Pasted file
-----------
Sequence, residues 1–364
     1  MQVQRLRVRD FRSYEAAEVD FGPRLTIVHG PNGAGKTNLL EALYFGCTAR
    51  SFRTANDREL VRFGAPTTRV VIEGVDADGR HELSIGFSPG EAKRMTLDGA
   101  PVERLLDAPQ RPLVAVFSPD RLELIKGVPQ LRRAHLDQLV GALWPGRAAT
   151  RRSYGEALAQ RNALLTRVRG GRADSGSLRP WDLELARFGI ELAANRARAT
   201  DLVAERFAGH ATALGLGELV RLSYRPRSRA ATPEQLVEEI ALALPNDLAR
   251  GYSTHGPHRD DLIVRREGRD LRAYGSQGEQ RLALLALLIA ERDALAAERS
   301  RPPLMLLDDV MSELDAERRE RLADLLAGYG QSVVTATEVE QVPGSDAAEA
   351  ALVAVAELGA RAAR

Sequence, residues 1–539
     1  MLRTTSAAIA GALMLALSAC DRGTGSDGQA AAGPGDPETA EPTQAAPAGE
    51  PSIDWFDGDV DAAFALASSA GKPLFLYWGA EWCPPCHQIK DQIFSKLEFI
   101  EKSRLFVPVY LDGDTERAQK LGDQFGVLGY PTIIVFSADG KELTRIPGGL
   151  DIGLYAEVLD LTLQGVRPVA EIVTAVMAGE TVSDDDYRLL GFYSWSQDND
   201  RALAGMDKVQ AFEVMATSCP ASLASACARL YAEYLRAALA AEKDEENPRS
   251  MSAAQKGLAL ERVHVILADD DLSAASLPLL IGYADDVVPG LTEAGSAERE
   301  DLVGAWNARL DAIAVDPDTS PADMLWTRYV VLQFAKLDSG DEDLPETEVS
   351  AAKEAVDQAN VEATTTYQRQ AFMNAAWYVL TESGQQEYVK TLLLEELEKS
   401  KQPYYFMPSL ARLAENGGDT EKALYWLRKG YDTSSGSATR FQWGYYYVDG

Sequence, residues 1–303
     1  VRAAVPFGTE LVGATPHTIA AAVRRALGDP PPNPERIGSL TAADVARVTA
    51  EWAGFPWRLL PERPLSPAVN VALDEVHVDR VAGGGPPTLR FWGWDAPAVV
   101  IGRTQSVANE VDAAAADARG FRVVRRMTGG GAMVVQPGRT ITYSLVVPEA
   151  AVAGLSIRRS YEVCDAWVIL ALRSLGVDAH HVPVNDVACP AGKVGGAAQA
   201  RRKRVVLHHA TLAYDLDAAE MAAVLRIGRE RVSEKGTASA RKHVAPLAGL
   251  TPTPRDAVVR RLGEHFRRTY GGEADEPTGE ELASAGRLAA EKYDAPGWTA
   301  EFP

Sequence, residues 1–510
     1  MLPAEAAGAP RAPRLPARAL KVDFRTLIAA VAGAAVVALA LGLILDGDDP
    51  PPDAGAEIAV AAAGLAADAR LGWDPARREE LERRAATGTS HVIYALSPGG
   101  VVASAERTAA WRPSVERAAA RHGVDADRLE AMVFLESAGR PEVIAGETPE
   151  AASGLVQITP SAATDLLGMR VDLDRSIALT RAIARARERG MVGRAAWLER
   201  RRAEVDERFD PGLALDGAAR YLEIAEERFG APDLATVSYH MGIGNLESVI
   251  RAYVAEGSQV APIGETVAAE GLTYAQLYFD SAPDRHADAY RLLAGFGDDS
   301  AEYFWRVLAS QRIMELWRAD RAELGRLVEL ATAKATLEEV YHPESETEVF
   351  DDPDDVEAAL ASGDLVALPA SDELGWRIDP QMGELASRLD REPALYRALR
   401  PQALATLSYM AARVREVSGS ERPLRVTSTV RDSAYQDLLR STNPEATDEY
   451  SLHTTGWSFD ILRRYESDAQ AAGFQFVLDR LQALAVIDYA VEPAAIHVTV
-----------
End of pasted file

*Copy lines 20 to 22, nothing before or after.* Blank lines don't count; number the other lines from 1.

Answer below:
Sequence, residues 1–303
     1  VRAAVPFGTE LVGATPHTIA AAVRRALGDP PPNPERIGSL TAADVARVTA
    51  EWAGFPWRLL PERPLSPAVN VALDEVHVDR VAGGGPPTLR FWGWDAPAVV